On Wed, 27.05.15 11:52, Martin Pitt (martin.p...@ubuntu.com) wrote: > Lennart Poettering [2015-05-27 11:42 +0200]: > > Well, but let's not forget that a major part of the issues popping up > > actually were committed weeks ago. > > Actually, no. As I said, on May 11 most everything was working just > fine, the udev regressions landed very late. The path_is_mount_point() > regression landed much earlier, but is much less visible (and now > there are tests cases with the patch I sent).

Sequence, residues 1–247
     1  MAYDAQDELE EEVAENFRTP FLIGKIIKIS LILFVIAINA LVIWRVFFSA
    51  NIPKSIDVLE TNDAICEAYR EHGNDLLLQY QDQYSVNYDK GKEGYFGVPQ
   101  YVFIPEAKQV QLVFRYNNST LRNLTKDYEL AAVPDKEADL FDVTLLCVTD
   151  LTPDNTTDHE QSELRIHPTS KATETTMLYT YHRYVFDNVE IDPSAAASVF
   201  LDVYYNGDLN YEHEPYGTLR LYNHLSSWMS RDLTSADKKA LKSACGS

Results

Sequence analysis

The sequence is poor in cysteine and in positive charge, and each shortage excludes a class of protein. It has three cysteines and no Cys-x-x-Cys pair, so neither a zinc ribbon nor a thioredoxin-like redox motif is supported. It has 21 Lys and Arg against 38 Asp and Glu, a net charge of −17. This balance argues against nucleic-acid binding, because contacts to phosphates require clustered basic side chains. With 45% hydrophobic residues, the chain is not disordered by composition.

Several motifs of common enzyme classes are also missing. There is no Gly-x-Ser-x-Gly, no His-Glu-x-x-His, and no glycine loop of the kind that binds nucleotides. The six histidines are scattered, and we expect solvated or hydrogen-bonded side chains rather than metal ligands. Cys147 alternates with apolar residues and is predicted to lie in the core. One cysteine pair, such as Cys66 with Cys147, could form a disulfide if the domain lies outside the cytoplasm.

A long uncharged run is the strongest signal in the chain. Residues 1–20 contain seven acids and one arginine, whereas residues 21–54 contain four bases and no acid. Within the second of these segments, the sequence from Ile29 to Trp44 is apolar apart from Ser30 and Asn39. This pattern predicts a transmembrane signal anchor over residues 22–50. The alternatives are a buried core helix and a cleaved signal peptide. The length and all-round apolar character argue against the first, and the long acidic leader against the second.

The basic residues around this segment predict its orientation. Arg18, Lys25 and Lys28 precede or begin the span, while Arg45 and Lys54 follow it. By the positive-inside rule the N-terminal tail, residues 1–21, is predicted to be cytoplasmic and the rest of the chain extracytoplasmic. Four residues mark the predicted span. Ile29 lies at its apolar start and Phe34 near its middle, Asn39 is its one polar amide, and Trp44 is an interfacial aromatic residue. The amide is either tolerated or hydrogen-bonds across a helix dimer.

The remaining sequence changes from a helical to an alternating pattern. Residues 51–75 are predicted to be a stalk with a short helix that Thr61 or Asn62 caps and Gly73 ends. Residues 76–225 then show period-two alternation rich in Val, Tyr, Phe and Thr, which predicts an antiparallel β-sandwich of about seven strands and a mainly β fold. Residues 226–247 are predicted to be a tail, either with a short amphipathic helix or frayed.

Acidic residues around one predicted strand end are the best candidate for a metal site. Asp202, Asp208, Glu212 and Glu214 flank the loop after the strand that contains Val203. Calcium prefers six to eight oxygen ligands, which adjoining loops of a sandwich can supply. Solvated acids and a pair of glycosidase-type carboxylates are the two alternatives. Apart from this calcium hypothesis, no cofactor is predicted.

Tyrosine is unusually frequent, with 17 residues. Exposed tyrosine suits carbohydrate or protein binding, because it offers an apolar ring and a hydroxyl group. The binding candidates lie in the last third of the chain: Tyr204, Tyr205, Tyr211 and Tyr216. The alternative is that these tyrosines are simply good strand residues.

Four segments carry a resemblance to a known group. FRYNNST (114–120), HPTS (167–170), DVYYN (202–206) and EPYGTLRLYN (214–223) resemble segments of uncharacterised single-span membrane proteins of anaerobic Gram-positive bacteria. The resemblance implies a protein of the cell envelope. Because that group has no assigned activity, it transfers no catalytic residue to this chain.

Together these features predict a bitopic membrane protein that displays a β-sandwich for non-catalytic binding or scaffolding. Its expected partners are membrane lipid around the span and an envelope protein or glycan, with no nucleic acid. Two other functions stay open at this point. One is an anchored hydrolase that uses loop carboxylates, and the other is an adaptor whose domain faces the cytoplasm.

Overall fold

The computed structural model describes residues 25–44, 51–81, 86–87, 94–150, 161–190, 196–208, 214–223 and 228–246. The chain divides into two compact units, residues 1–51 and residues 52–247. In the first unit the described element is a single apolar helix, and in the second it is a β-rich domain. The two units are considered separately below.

Sure, some of the udev breakage is more recent. But a good chunk of the other stuff (gperf, EFI, path_is_mount_point()) is much older, and some of it is easily visible... > Agreed. The "broken tarball" issues are not visible when building from > git (which is what I'm doing all the time). We didn't have that kind > of issues with 219 or 218 (or at least only negligible ones), but 220 > taught us all that we need to test "make dist" builds more often. > > So we have two indepenent things to fix: > > * Regularly test "make dist", as nobody does that during regular > development. Well, no. I use "make distcheck" regularly during regular development, and that's how I generate the final tarball. However, "make distcheck" generates a tarball off the 220 git tree just fine, if you had all the options enabled on a modern Fedora, like I do. Again, this is about testing options and combinations that are not regularly covered by the core systemd developers. My release procedure involves not only doing "make distcheck", but also then building the result in Fedora's koji, which then also involves another "make check" run, as part of the RPM build process, on all architectures Fedora supports. Only after that I tag a new release. > Alternative: Stop shipping "make dist" tarballs altogether and just > tar the tagged git snapshot. Given the amount of patching that most > distros do, we pretty much all run autoreconf anyway (including > Fedora), so not having the pre-generated autoconfiscation and > pre-built manpages etc. in the tarball isn't actually that much of > a deal. Well, while I sympathize with the idea, this is still not how most current distros work... Also, "make dist" worked fine as mentioned, hence altering this part of the release process will not improve anything, but instead make things even more sloppy... > * Impose a release freeze period with announcing an impending > release, distros do a deep testing (this is a day's work for me, so > can't happen that often). During that time (which really shouldn't > be more than a few days) we really should avoid any commit which > isn't an important bug fix, especially not large refactorings or > new features. How about this: please run automated tests if you have them in regular intervals, always tracking git. And a few days before a release I'll notify the mailing list. I really don't want to drown development in "deep freeze" phases, that are then alternated with "crazy merge time" phases. Instead, I'd much rather increase the release frequency, keep a steady stream of changes, and ask downstreams for more help with testing and keeping git constantly in a releasable state. Lennart -- Lennart Poettering, Red Hat _______________________________________________ systemd-devel mailing list firstname.lastname@example.org http://lists.freedesktop.org/mailman/listinfo/systemd-devel